Reflections on the Burdens and Gifts of Facing Life's Adversities

Large Print - 2009
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"She's one of the most beloved political figures in the country, and on the surface, seems to have led a charmed life. In many ways, she has. Beautiful family. Thriving career. Supportive friendship. Loving marriage. But she's no stranger to adversity. Many know of the strength she had shown after her son, Wade, was killed in a freak car accident when he was only sixteen years old. She would exhibit this remarkable grace and courage again when the very private matter of her husband's infidelity became public fodder. And her own life has been on the line. Days before the 2004 presidential election when her husband John was running for vice president she was diagnosed with breast cancer. After rounds of surgery, chemotherapy, and radiation the cancer went away only to reoccur in 2007. In Resilience, Elizabeth Edwards crafts an unsentimental and ultimately inspirational meditation on dealing with life's biggest challenges." --Publisher's description.
Publisher: Detroit : Thorndike Press, c2009.
ISBN: 9781410417220
Branch Call Number: LGPRINT BIO EDWARDS E. Edwards 08/2009
Characteristics: 219 p. (large print) ;,23 cm.


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ScottNadia Dec 23, 2013

This book was too depressing. I couldn't finish it and had to return it.

ksoles Nov 21, 2012

"If you have picked up this book in hopes that in it there will be details of a scandal, you should now put the book down. This is my story, and my story is filled with pain and anger, with great erasures of my history and new outlines for my future, but it is not filled with the clatter you seek. The story from my side is quite a different story from the one of grocery store papers, a story played out too many times but rarely as publicly as my own."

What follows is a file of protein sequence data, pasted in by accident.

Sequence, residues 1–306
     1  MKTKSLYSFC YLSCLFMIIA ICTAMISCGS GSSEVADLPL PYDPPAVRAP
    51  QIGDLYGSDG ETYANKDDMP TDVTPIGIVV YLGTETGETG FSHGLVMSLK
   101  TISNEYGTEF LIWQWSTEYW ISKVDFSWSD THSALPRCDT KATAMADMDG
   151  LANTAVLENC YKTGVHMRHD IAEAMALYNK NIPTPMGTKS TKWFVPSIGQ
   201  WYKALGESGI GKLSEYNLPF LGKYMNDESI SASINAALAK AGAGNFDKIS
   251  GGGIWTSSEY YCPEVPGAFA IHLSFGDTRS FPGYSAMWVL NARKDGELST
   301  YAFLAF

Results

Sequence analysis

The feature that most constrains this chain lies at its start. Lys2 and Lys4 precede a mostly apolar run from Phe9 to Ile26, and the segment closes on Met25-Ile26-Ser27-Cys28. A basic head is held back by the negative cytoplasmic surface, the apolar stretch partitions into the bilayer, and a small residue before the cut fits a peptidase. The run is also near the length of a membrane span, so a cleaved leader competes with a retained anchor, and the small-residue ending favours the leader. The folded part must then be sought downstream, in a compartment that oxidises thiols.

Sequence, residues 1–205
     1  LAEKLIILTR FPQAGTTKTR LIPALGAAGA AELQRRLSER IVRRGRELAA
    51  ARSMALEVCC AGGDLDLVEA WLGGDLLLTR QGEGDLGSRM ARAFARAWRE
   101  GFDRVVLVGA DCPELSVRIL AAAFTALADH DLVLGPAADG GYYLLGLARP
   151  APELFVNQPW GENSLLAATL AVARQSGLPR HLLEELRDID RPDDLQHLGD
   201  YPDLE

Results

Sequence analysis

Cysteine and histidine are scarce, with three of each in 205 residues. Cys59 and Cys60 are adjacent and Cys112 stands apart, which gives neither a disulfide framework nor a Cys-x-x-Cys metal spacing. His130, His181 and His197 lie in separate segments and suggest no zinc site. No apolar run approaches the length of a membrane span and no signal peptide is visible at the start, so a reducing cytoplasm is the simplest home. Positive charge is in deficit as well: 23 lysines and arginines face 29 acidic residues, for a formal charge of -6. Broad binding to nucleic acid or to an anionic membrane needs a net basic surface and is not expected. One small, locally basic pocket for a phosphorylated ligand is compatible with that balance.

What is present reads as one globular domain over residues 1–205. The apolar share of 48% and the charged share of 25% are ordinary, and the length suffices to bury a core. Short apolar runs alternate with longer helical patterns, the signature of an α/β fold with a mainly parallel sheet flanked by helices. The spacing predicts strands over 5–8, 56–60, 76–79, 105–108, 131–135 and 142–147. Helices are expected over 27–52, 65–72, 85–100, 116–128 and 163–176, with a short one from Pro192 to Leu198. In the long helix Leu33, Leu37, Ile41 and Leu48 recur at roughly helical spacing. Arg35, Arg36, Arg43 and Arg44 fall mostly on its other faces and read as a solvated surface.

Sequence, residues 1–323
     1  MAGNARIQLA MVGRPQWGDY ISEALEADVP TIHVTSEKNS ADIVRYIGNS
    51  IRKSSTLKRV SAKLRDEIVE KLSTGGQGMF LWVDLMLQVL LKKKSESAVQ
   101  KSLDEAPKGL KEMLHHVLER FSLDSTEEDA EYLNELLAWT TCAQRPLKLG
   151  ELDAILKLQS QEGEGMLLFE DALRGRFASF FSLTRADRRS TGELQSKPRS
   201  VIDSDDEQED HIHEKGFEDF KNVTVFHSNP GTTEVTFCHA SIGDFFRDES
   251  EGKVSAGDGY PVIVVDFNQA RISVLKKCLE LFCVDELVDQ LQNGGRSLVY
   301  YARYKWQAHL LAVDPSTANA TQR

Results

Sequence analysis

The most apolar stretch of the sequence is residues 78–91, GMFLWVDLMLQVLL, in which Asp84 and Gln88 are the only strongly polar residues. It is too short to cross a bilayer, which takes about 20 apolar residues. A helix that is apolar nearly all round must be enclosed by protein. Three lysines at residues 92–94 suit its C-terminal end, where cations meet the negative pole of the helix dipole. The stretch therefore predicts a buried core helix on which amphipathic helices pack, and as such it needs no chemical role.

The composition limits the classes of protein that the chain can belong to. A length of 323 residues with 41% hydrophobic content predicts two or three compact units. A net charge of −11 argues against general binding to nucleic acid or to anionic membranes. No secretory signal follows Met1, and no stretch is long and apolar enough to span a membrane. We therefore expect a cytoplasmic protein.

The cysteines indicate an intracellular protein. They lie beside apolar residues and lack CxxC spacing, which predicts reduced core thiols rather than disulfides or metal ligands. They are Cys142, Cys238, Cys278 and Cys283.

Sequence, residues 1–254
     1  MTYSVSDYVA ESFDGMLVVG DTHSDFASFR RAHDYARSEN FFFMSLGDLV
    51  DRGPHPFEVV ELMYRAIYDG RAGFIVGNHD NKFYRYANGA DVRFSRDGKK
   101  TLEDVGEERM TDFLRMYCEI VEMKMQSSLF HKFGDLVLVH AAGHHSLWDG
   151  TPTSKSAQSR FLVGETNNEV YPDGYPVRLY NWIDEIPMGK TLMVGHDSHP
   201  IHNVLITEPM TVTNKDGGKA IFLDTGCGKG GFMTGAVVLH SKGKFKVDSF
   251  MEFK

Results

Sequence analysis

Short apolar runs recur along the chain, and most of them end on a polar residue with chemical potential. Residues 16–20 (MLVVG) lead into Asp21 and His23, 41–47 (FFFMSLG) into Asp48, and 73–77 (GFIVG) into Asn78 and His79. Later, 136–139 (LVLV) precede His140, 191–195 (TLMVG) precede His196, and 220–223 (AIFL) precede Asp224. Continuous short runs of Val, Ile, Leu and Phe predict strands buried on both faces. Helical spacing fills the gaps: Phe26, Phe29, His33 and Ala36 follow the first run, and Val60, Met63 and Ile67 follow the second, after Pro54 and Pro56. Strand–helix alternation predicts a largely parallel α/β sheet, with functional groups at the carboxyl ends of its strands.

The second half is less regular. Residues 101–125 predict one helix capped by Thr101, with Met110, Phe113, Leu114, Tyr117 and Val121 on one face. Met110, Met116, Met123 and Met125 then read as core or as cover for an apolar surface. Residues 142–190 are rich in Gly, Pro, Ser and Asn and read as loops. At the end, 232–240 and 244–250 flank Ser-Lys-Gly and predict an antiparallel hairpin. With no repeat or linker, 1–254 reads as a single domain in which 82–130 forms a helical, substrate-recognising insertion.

The above quote does not appear until the final section of "Resilience," an odd placement considering the vulnerability Edwards displays throughout the rest of the book. But the words accurately capture her poetic and heartfelt story about dealing with circumstances wildly beyond human control. She picks out memories that demonstrate how others have processed tragedy: a Japanese woman, about to become a geisha, who instead became a dance instructor after experiencing the atomic explosion in Hiroshima; Edwards' father, who suffered a major stroke that left him paralyzed but refused to accept a doctor's dire prognosis.

The chapter on the death of Edwards' son Wade's forms the book's climax. Instead of explaining how she dealt with her grief, Edwards powerfully describes how she dreamt of Wade, how she planted flowers by his gravesite, how she kept his room intact after his death. She continues her story through her cancer diagnosis and finally, through her husband's "indiscretion."

Edwards refuses to become a politician's prop-wife who must stand alongside her cheating husband. Instead, she remains very much her own person, one who abstains from platitudes and stands as a full-fledged individual, not as an accessory to John.

Ultimately, Edwards' "resilience" means that one must understand how to reframe and accept a new life after tragedy. Cowering in denial is not an option.

Oct 24, 2010

Elizabeth Edward's writing at first seems simple but if read attentively it is clear that she is trying to describe an inner landscape which is not totally possible to describe.

After reading this book, I found myself rooting for Elizabeth to have those ten years she wants badly and hopefully more.

She's faced some tough bumps in the road but she is able to get back to the top of the water and keep swimming towards her priorities in life.


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